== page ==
WB Country Director: Viet Nam is extremely successful in reducing poverty over decade
VGP - Viet Nam has been extremely successful in the last decade in reducing poverty and especially extreme poverty which has declined to from 16.8 percent in 2010 to 5 percent in 2020 (based on the World Bank (WB) lower middle income country poverty line).
WB Country Director for Viet Nam Carolyn Turk made that above statement while delivering her remarks at the high- level workshop on "Key social policies in Viet Nam" held last week.
According to Carolyn Turk, this dramatic improvement was driven to a large extent by economic growth which was helped by the so-called demographic dividend as well as an increased share of formal employment as workers moved out of low productivity agriculture.
But informality remains high, and the demographic window is closing. In order to realize Viet Nam's aspiration to become an upper middle income country by 2030 and a high income country by 2045, the economy will have to achieve much higher productivity, efficiently and social inclusion as well as strong resilience against shocks including those related to climate change.
The WB Country Director supposed that in this context, the social protection system must address three challenges.
Firstly, despite Viet Nam's impressive growth performance, the share of workers in the informal sector remains stubbornly high. Overall, around 76 percent of all workers, and 55-60 percent of non-agricultural workers, remain in the informal sector.
Informality tests the social protection system in at least three ways. The most obvious is that many workers do not have insurance against risks like unemployment and disability.
Three fourths of the workforce in Viet Nam is not protected from these shocks. Informality also means lower tax revenues and less sustainable financing for social insurance.
Finally, informality is associated with lower productivity due to lack of capital, access to financing, skills and is typically beyond the reach of active labor market programs.
Secondly, Viet Nam is at a demographic tipping point, with the country experiencing one of the most rapid rates of population aging globally.
The elderly share of the population (age 65 and over) is estimated to rise from 7 percent to 15 percent by 2035. The pool of abundant young workers that has supported Viet Nam's rapid economic growth in the last decades is being depleted.
In 2015, Viet Nam had around 10 working-aged individuals (aged 15-64) for every elderly person aged 65 and over. By 2035, that ratio will have fallen to around 4.6 workers per elderly person.
This presents major challenges for the social protection system if most of them are not covered by either the social insurance scheme or social pension. In addition, with an older workforce higher labor productivity is crucial in order to sustain the pace of economic growth.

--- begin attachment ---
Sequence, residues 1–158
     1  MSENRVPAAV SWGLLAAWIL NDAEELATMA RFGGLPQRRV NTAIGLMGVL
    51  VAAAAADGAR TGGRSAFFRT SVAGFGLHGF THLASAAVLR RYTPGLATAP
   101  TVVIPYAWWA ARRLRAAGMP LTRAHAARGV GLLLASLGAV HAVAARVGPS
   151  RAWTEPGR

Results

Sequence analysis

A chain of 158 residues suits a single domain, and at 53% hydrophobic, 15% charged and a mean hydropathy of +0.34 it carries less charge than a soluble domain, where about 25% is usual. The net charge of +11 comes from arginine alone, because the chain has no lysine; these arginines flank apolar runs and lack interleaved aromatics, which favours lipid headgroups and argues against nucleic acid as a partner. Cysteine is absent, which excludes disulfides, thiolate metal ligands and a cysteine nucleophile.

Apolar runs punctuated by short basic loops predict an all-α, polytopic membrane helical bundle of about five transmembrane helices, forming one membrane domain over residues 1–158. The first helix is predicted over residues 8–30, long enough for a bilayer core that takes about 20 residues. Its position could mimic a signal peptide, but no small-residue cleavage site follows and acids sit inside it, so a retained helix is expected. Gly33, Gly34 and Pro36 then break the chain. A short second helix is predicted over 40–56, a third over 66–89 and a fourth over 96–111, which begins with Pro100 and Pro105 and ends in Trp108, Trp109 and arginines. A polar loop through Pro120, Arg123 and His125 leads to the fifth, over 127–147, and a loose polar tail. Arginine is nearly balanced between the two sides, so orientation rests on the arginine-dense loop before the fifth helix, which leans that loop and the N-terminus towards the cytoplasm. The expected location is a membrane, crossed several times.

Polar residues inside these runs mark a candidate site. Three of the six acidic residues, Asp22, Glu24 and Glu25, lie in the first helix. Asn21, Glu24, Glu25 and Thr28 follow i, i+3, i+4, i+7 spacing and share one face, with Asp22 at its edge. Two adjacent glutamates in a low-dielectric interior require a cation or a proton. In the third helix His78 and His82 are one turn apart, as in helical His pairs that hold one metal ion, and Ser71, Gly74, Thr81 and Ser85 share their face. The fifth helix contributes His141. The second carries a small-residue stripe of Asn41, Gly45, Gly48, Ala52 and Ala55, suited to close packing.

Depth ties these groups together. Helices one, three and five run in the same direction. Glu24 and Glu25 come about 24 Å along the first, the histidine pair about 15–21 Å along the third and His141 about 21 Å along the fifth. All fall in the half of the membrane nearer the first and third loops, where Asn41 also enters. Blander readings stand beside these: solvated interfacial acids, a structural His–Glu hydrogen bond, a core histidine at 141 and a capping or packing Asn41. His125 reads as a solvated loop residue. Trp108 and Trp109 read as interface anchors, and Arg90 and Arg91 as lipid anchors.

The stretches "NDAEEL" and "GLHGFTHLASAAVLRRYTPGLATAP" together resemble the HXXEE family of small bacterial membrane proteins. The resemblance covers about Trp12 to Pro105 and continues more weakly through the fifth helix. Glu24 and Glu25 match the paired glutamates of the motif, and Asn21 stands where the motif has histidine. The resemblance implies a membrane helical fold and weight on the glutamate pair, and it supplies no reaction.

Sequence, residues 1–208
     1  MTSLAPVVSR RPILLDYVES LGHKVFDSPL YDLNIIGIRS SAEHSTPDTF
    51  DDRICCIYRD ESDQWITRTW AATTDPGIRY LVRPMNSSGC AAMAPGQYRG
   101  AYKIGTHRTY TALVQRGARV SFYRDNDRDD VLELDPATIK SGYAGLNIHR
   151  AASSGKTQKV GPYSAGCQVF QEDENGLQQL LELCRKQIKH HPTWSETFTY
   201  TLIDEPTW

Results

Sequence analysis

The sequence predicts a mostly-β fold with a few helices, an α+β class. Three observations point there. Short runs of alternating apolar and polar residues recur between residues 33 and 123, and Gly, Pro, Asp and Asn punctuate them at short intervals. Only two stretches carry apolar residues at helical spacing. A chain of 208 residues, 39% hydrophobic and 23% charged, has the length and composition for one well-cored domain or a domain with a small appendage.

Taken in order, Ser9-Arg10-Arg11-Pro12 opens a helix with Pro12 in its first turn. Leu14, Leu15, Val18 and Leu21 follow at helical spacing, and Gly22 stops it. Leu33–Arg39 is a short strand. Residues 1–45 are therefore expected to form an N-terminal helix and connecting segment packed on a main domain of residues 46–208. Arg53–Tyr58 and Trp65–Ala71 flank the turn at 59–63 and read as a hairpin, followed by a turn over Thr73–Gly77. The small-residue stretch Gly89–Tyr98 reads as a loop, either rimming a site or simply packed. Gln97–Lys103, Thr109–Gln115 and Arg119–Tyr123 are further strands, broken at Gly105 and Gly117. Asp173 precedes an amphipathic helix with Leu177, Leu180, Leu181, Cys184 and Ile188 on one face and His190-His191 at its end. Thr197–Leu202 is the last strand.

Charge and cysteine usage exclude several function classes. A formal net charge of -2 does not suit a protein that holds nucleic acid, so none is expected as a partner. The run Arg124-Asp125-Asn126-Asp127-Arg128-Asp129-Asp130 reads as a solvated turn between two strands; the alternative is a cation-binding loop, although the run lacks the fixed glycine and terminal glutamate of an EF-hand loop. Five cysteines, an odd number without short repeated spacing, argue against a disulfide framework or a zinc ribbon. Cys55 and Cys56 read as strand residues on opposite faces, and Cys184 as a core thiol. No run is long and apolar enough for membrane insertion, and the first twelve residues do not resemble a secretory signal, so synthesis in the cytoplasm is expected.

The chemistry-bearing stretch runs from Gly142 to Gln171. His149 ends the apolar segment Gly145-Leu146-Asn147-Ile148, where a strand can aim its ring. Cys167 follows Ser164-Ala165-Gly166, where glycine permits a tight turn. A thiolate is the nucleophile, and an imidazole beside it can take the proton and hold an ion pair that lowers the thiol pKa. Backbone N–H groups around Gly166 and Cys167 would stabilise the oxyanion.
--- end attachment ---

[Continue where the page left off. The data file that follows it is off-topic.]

Thirdly, climate change is already affecting Viet Nam and its effects will intensify in the coming decades, increasing exposure to shocks for households and the economy.
Around 60 percent of Viet Nam's land area and 70 percent of its population are exposed to multiple natural hazards. To date, however, the social protection system is still not sufficiently adaptable to prepare for and respond to disasters beyond traditional relief interventions.
For more coherent, relevant, effective and efficient social protection system
Carolyn Turk emphasized that recognizing the above challenges, the Government of Viet Nam has made important policy choices in recent years.
Earlier this year, the retirement age started to gradually rise. Social insurance reforms that improve financially sustainability and increase coverage expansion are reflected in Resolution 28.
To address the coverage gap, the government is giving high priority to revising the social insurance law. There are also emerging proposals to expand the coverage of non-contributory or social pensions to achieve the government's ambitious 2030 targets.
The WB is working to support the Ministry of Labor, Invalids and Social Affairs and the Viet Nam Social Security in these efforts, she noted.
In addition to expanding coverage, it will be important to provide sufficient resources to make social assistance benefits more impactful.
At the same time, if Viet Nam is to finance these programs, it will need to continue to grow despite the demographic outlook. This means boosting labor productivity.
Vietnamese workers need to not only enhance their performance in existing occupations but also be able to move into better quality, higher value-added jobs.
This entails not only better education and training but also better labor market information and employment support to help workers, including those in the informal sector, to prepare for and secure better employment.
In just the last year or two, important steps have been taken to remedy these limitations. The impressive rollout of the new national ID and its application to clean major databases is a crucial building block for data governance.
In addition, creating a government portal, national data exchange platform, the new digital ID law and standards for interoperability are in progress. There is even an effort now to map vulnerable households to flood prone regions using geospatial information.
The World Bank stands ready to support Viet Nam to bring in global experience, expertise, knowledge on this agenda, underscored Carolyn Turk.